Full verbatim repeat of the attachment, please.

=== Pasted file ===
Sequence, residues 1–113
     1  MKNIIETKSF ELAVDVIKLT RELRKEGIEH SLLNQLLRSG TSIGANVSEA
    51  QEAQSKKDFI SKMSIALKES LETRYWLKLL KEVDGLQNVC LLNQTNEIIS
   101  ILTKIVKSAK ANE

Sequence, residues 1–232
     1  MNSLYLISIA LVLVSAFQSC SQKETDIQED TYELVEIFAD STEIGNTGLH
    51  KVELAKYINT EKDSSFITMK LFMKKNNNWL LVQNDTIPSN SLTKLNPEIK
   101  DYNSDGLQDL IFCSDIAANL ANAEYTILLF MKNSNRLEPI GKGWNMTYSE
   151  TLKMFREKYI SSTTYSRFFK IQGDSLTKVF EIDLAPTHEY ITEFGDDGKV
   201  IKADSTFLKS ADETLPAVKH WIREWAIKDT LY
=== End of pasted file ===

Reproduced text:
Sequence, residues 1–113
     1  MKNIIETKSF ELAVDVIKLT RELRKEGIEH SLLNQLLRSG TSIGANVSEA
    51  QEAQSKKDFI SKMSIALKES LETRYWLKLL KEVDGLQNVC LLNQTNEIIS
   101  ILTKIVKSAK ANE

Sequence, residues 1–232
     1  MNSLYLISIA LVLVSAFQSC SQKETDIQED TYELVEIFAD STEIGNTGLH
    51  KVELAKYINT EKDSSFITMK LFMKKNNNWL LVQNDTIPSN SLTKLNPEIK
   101  DYNSDGLQDL IFCSDIAANL ANAEYTILLF MKNSNRLEPI GKGWNMTYSE
   151  TLKMFREKYI SSTTYSRFFK IQGDSLTKVF EIDLAPTHEY ITEFGDDGKV
   201  IKADSTFLKS ADETLPAVKH WIREWAIKDT LY